RE: Hempy’s Demographic Comment

A lot gets said about private schools, but unfortunately there is little really trustworthy data to say anything one way or the other. Private and home school populations tend to avoid data collection of this nature. In fact, because home schooling parents don’t have to report to the department of education (just to their local school district), even the count of such students in Kentucky is suspect.

Here are some questions to consider, however. Do you think the students in private schools got dramatically more well off in recent years versus public schools? Did the other-than-public-school student group get less diverse after 1998? Did the other-than-public-group enroll fewer students with learning disabilities after 1998?

The answers to those questions would have to be yes to help explain the very different ACT performance trends in these two school systems.

Anonymous said...

Its no great secret that the privite schools do a better job. their teachers have to produce in order to keep their jobs. where public schools teachers are not held to the same high degree of sucess. I have been in the FCPS system since 1983 not including my own education at public school. Too many students in a class and the students that can not keep up with the regular work load are left behind, my youngest son is in high school now, he can not keep up at the pace at which they teach.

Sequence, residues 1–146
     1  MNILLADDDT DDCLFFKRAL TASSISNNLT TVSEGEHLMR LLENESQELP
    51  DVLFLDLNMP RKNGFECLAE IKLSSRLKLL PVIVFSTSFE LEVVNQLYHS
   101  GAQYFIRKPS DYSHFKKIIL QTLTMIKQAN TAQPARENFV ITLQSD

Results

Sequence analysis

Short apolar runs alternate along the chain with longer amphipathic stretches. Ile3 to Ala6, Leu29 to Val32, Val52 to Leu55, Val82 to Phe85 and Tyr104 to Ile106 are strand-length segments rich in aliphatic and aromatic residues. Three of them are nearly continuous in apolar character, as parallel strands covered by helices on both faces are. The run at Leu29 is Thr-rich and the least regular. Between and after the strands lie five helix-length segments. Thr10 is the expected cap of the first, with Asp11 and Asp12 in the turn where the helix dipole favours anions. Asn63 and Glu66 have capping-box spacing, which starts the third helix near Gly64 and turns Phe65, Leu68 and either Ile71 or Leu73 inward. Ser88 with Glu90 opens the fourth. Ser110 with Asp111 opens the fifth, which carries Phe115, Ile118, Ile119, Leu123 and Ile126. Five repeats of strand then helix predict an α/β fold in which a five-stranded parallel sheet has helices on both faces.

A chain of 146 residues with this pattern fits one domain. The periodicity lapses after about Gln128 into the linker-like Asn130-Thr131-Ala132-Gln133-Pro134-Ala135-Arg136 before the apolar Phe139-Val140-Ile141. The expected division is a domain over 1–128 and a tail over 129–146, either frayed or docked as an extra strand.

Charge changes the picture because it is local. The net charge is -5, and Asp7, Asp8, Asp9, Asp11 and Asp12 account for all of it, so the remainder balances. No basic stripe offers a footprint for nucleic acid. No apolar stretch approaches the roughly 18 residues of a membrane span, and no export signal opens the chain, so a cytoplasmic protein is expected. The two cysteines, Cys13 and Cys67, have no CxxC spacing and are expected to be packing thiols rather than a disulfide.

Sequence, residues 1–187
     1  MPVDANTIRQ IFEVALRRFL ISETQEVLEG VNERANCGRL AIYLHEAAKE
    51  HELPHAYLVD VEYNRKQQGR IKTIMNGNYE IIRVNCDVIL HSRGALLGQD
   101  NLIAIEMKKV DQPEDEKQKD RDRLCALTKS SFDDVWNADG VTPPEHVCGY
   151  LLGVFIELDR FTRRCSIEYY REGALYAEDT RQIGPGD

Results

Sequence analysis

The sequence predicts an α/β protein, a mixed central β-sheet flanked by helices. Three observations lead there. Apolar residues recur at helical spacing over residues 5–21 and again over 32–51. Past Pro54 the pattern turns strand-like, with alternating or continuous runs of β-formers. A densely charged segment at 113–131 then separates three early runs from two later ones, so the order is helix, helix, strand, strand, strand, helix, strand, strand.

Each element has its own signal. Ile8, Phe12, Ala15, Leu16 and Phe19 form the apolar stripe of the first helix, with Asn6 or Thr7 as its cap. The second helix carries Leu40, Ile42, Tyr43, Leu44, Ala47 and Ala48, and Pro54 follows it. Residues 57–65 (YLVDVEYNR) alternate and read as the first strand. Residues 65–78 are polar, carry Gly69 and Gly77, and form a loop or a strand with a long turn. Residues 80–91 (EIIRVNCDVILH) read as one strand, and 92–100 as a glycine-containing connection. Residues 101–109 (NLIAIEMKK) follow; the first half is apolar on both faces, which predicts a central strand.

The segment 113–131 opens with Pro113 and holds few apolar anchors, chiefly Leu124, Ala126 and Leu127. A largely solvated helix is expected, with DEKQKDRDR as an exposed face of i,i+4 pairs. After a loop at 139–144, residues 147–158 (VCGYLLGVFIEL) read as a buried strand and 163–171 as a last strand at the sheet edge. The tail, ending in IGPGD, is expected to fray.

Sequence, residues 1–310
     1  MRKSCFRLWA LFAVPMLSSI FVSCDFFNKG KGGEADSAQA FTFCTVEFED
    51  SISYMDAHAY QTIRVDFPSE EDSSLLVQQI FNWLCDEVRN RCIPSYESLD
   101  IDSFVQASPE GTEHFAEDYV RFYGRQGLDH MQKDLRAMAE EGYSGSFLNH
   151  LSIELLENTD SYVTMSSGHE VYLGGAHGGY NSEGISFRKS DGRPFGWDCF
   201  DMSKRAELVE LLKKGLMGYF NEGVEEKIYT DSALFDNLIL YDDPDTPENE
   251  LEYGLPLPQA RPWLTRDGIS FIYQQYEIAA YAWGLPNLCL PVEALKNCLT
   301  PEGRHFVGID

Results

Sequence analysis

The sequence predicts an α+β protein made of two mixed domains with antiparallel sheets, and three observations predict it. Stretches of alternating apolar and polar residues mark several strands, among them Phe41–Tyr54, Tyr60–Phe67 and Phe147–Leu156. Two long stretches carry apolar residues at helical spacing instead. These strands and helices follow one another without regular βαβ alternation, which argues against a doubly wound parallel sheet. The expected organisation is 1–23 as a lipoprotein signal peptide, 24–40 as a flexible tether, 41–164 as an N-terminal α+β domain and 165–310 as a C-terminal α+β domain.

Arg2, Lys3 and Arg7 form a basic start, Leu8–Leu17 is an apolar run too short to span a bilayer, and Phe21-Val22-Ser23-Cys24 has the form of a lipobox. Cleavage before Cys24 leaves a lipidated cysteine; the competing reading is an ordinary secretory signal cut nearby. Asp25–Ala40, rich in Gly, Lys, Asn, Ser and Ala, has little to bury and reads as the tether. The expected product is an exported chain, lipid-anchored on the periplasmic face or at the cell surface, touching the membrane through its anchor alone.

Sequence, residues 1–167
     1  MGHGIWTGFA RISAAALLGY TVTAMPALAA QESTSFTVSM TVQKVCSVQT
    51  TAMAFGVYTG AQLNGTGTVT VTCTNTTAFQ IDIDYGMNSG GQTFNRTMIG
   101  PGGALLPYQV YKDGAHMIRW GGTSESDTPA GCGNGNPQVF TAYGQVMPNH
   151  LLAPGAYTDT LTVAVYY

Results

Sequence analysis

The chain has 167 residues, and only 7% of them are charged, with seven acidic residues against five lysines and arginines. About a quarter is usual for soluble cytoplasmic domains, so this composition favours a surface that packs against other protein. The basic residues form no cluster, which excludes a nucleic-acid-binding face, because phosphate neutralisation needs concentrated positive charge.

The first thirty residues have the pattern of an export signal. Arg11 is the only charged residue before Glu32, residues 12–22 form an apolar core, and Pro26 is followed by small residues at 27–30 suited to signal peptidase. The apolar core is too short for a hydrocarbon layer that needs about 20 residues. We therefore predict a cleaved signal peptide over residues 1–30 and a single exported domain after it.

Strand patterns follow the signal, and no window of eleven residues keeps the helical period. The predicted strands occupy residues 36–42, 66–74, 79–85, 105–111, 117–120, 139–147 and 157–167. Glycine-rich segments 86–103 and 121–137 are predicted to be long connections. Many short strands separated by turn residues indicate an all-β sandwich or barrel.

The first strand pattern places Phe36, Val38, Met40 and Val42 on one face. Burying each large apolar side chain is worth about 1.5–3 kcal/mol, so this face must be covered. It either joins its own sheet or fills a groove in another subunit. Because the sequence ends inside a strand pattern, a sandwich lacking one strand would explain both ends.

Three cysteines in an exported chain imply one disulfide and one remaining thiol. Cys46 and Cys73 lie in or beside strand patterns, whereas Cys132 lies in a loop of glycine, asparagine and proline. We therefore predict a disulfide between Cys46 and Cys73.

we can not help him at home do you our education short falls and we can not afford for some one to teach him after school. He brings home Fs in three of his core classes. He does not want Fs but this is all he can get. in one class his last mid term score was "23". we arranged a meeting and they put him is several classes where the teacher just sits and reads to the class (is this teaching?) he is still failing his core class. I would rather take the money we spend in taxes and send him to privite school. Im sure there is a privite school out there that would take him in for the same amount that we spend per student per year, the government would only have to give us a coupon that would be good at any privite school and the government would have to pay for the coupon. (good luck getting that money, see the kentucy retirement system)

The government started a good thing with government school and i beleave they are still a value to our education system but our government schools do not fit every child.

Susan Weston said...


Thank you for the e-mailed spread sheet. It let me check what I thought I saw in your graph before commenting on the substance.

Over 16 years, public school ACT composite rose 0.7 points. The scores held basically steady for from 1993 to 2002, and then made the entire 0.7 point improvement from 2002 to 2008.

Over the same 16 years, other-than-public-school scores rose 0.5 points, with a decline and then a recovery. 2007 was the first year that sector did better than 1993.

Anonymous said...

It should be noted that private schools do not have to educate students with various categories of learning disabilities.

Since the late 1970s and early 1980s,public schools have been required to serve all children ages 2-21 regardless of disability.

Richard Innes said...


Your comments focus too much on the scores while ignoring the phenomenal changes in ACT participation that occurred in private schools between 1993 and 2008. I guess I need to more completely discuss that, which I will do in a new blog.